Brookfield Zoo

More Than 50 Stingrays at Brookfield Zoo Die Due to Habitat Malfunction

Zoo officials have not yet identified the cause of the drop in oxygen levels that caused the stingrays to die

The entire stingray population at the Brookfield Zoo's Stingray Bay habitat has died due to a drop in the oxygen level inside the exhibit Friday.

Four southern stingrays and 50 cownose rays died as a result of the malfunction, according to zoo officials.

The oxygen level dropped dangerously low on Friday, putting the animals at risk. Veterinary staff provided medical treatment to the stingrays and the oxygen levels were immediately readjusted, but none of the stingrays recovered, zoo officials said.

"We are devastated by the tragic loss of these animals," said Bill Zeigler, senior vice president of animal programs for the Chicago Zoological Society, which operates the zoo. "Our staff did everything possible to try and save the animals, but the situation could not be reversed."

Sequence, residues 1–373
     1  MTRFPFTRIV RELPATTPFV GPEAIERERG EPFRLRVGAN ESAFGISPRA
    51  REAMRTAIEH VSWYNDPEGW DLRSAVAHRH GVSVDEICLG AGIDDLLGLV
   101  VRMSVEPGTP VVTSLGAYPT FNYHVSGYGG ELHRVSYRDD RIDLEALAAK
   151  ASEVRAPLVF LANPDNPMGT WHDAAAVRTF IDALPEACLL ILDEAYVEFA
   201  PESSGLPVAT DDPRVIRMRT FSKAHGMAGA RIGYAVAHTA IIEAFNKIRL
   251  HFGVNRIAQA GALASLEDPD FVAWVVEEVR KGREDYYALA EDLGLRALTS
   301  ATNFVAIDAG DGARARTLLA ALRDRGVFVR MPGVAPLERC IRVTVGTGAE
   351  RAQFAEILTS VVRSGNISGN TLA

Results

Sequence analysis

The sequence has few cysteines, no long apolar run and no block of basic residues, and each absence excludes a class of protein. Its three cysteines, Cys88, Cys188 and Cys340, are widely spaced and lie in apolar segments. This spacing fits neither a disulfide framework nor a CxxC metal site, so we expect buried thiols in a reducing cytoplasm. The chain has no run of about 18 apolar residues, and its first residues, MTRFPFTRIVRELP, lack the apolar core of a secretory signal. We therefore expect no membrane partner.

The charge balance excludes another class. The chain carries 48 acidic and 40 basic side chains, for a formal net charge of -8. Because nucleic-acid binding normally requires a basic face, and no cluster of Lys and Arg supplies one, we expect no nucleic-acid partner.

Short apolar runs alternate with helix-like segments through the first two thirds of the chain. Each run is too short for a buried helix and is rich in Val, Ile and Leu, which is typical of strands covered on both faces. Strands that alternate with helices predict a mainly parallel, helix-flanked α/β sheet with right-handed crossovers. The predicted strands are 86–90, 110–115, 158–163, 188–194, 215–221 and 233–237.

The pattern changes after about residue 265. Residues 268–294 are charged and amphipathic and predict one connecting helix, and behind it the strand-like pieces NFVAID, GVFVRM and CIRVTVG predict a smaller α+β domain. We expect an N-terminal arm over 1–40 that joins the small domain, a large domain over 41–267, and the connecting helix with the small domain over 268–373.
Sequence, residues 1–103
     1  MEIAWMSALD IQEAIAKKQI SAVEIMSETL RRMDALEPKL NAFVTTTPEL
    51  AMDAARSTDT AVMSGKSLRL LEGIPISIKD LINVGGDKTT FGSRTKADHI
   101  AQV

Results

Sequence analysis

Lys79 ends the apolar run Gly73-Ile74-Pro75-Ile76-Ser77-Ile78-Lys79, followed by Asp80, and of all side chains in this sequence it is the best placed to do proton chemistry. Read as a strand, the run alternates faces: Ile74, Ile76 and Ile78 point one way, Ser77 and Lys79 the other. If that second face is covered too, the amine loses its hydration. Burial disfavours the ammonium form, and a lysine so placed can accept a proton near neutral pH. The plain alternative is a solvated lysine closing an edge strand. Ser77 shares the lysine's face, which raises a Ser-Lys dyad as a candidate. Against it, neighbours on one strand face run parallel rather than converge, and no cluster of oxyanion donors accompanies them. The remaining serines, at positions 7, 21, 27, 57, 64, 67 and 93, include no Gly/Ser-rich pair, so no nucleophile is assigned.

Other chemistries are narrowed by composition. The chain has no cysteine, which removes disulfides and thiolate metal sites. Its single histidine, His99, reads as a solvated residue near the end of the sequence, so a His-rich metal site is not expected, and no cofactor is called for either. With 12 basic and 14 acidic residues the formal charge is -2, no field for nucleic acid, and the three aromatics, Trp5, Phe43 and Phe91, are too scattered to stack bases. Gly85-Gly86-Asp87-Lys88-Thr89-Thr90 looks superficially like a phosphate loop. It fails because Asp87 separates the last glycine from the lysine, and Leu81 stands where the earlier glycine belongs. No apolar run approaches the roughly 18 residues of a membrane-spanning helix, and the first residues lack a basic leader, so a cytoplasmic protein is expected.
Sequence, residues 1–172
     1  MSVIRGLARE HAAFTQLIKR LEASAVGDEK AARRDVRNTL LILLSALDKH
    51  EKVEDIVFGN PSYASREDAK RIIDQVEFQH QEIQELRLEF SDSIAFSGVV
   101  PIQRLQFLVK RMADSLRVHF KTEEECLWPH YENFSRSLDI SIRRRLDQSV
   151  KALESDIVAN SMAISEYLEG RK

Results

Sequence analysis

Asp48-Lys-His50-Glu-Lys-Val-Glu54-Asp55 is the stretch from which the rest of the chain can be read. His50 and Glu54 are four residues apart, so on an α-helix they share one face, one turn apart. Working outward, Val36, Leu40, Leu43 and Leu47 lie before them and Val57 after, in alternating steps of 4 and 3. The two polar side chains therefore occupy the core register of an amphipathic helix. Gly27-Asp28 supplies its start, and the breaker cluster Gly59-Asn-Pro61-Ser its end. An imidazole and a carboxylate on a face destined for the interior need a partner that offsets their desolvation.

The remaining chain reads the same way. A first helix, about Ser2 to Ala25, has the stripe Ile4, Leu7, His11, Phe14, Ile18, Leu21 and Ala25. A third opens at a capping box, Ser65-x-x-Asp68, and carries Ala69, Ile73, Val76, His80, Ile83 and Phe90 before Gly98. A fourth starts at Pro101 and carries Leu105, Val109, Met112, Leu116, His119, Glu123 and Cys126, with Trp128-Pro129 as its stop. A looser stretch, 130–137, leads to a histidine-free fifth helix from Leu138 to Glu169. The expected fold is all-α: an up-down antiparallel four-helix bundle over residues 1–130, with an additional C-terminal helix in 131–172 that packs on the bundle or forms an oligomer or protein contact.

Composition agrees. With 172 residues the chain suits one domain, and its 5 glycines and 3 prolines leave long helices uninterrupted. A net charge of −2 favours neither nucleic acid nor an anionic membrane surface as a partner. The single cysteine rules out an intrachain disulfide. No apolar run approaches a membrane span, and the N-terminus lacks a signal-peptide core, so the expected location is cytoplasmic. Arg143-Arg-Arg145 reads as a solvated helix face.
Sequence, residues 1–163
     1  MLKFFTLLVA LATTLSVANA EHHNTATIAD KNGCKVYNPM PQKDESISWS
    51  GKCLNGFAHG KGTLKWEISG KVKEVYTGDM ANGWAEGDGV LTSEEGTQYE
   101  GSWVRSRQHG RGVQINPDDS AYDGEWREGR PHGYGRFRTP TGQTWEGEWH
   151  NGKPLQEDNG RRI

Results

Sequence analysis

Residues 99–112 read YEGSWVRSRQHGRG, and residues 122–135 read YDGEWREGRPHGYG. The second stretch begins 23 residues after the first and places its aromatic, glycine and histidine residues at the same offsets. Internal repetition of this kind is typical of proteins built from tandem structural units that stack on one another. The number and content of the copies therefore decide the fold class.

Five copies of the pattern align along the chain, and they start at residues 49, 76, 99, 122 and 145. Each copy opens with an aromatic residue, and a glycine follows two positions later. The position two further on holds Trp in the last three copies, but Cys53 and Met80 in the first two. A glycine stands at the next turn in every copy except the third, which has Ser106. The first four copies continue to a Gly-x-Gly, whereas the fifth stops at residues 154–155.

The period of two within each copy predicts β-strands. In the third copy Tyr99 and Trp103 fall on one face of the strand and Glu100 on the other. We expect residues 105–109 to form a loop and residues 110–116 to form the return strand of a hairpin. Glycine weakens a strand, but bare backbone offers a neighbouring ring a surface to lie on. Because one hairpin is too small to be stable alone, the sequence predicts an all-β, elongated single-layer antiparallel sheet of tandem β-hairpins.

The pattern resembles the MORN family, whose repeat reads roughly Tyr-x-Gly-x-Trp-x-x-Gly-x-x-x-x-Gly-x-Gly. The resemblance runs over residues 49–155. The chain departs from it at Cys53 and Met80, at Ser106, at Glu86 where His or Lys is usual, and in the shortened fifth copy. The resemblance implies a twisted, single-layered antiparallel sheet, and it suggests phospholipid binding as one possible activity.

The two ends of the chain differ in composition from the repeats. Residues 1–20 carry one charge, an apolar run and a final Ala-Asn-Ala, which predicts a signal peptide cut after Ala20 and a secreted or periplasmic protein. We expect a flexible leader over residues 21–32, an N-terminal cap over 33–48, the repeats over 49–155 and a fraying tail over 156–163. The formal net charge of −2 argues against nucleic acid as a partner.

Zoo officials have not yet identified the cause of the habitat malfunction. As they investigate, the Chicago Zoological Society has closed the summer-long temporary exhibit for the remainder of the season.

The stingray exhibit has operated since 2007.

A similar incident happened at the Brookfield Zoo in 2008, according to the Chicago Tribune. That year, 16 stingrays died when temperature controls malfunctioned in a 16,000-gallon saltwater tank.

The water temperature had risen to 10 degrees warmer than its usual level, causing 16 of the 33 stingrays to die. Eight sharks and three horseshoe crabs were also housed inside the tank but did not perish.

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